KANSAS CITY, Kan. — The Kansas attorney general’s office told a federal judge Friday that he should not consider blocking the state from enforcing its gay-marriage ban until the state Supreme Court weighs in, while the American Civil Liberties Union argued same-sex couples suffer legal harm if the judge delays a decision.
The arguments came in a hearing on the ACLU’s request for a preliminary injunction blocking enforcement of Kansas’ gay-marriage ban while U.S. District Judge Daniel Crabtree considers the group’s lawsuit on behalf of two lesbian couples.
The ACLU filed the lawsuit earlier this month after the U.S. Supreme Court refused to hear appeals from five states seeking to preserve similar gay-marriage bans after adverse lower-court rulings. The couples were denied marriage licenses in Douglas County in northeast Kansas and in Sedgwick County in south-central Kansas.
One of the women involved, Kerry Wilks, of Wichita, said after the hearing that “one minute is too long to wait” for the right to marry.
“Look me in my eyes. Look me in my human face,” Wilks told reporters. “We are people. We want to get married.”
The legal situation in Kansas is complicated by another case arising from an administrative order from the chief state district court judge in a third county, Johnson County, the state’s most populous county and home to affluent Kansas City suburbs, that briefly cleared the way for same-sex marriages there. Attorney General Derek Schmidt filed a petition with the Kansas Supreme Court to overturn it, and the state’s highest court blocked same-sex marriages while it hears Schmidt’s petition.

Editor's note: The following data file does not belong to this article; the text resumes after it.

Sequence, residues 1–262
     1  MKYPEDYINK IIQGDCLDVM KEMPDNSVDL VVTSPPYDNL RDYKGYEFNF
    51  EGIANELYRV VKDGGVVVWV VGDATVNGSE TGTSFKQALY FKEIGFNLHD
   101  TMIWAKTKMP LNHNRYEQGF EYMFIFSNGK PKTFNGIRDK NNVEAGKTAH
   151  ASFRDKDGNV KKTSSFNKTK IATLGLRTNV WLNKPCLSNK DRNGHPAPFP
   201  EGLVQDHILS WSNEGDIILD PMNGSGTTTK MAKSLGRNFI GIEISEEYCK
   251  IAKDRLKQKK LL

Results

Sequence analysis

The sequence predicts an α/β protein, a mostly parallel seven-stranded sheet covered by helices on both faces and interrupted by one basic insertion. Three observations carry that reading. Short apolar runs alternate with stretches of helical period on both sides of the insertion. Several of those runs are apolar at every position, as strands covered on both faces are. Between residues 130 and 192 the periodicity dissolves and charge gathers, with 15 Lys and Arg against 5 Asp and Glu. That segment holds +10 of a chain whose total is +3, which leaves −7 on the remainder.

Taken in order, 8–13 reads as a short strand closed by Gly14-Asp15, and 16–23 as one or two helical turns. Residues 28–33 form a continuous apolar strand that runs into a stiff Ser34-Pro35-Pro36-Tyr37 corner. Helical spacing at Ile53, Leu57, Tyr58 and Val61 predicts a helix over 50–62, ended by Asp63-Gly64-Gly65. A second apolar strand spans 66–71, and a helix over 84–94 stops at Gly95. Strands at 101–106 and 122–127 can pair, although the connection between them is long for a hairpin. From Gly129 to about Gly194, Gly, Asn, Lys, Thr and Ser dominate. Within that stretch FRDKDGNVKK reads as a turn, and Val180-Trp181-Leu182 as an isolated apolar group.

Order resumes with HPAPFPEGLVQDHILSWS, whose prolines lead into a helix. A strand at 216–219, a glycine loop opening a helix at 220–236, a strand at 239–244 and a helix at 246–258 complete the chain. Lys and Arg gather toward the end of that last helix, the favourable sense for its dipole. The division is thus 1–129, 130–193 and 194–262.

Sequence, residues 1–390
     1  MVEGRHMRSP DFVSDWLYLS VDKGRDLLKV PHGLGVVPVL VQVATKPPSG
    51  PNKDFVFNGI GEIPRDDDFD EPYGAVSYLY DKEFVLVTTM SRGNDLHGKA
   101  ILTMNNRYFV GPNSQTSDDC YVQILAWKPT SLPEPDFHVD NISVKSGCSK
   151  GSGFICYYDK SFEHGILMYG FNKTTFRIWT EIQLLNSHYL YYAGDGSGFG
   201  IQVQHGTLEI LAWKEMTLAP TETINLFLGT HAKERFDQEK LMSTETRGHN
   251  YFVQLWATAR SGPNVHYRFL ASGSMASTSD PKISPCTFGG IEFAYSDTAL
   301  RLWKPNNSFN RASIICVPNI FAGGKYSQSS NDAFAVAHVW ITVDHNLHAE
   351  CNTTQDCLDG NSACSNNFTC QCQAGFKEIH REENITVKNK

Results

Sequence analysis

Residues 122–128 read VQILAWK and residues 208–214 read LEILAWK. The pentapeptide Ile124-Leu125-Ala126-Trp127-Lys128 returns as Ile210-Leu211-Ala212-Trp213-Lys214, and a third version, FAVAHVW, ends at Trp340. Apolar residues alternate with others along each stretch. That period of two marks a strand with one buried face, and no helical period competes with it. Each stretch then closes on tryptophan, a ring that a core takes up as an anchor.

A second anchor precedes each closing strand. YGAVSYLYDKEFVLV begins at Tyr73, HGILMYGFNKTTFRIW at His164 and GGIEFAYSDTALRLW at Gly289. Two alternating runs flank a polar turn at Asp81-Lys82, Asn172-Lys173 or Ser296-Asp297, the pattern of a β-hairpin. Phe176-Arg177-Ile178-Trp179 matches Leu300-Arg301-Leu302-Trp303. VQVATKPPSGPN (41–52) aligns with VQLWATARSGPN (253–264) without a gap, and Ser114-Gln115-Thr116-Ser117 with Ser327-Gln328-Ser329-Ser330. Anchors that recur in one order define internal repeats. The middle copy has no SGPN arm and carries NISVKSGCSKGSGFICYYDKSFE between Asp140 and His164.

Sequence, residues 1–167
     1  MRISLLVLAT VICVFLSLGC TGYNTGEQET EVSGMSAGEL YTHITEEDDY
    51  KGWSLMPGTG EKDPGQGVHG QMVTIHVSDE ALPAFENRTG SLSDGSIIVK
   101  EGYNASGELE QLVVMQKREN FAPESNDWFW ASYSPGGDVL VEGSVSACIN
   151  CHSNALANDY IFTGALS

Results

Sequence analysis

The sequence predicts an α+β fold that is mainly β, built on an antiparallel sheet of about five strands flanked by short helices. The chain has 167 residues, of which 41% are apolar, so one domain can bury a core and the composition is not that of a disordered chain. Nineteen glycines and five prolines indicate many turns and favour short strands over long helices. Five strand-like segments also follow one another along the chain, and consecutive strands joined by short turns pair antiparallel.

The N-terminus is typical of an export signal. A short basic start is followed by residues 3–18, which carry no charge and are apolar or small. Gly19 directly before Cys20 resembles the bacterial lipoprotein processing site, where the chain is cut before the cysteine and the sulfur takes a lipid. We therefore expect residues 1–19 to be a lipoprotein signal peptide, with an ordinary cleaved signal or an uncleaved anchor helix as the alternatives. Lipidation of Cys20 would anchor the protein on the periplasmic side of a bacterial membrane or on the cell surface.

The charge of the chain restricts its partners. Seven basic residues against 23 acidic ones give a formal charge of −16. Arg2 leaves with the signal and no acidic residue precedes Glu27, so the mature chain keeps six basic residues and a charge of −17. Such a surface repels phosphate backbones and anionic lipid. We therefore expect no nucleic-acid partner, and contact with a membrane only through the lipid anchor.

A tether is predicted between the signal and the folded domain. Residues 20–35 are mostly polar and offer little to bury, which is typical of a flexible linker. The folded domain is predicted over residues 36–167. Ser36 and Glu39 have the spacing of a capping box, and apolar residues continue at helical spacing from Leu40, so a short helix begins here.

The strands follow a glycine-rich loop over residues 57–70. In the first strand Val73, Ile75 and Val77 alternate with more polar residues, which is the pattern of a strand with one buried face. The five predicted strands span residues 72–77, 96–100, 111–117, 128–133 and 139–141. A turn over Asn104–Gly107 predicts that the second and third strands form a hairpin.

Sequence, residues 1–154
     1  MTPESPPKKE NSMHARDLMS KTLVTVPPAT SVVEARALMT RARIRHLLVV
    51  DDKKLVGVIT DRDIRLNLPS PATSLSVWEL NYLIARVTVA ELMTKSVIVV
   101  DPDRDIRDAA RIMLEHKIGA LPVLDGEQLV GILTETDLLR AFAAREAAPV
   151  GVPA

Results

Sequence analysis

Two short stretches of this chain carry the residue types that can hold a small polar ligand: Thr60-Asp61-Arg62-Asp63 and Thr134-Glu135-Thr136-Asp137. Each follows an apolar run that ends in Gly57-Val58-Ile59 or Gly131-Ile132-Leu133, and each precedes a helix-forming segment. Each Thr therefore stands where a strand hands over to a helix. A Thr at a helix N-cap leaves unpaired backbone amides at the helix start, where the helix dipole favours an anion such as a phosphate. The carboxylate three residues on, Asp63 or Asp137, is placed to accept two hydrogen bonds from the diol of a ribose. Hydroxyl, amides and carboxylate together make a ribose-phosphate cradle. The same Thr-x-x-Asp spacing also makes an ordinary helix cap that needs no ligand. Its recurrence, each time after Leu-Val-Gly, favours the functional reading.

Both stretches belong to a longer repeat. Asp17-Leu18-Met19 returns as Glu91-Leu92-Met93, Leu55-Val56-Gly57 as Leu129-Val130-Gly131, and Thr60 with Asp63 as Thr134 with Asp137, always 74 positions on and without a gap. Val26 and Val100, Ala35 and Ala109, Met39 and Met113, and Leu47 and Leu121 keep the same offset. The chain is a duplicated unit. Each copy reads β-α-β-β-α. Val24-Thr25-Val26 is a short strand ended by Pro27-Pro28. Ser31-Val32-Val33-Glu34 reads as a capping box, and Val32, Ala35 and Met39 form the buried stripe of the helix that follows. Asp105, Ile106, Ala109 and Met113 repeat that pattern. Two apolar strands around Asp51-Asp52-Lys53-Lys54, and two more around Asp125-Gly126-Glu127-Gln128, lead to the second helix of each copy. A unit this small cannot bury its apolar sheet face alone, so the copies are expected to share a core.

Crabtree did not rule Friday on the ACLU’s request but said he will decide whether to issue a preliminary injunction against the gay-marriage ban “as promptly as we can.”
Article continues belowThe Kansas Supreme Court has scheduled arguments in its case for Nov. 6, and Assistant Attorney General Steve Fabert predicted that it will rule quickly. He questioned whether a lower federal court has the authority to hear issues before the state’s highest court, saying that under past precedents, federal courts defer to state courts.
“The Kansas Supreme Court has to be allowed to move forward,” Fabert said. “They may address the ultimate constitutional questions.”
Kansas law has never recognized same-sex marriages, and voters overwhelmingly approved an amendment to the state constitution in 2005 to add a gay-marriage ban. In challenging it, the ACLU pointed to rulings striking down similar bans in Oklahoma and Utah by the same federal appeals court overseeing Kansas.
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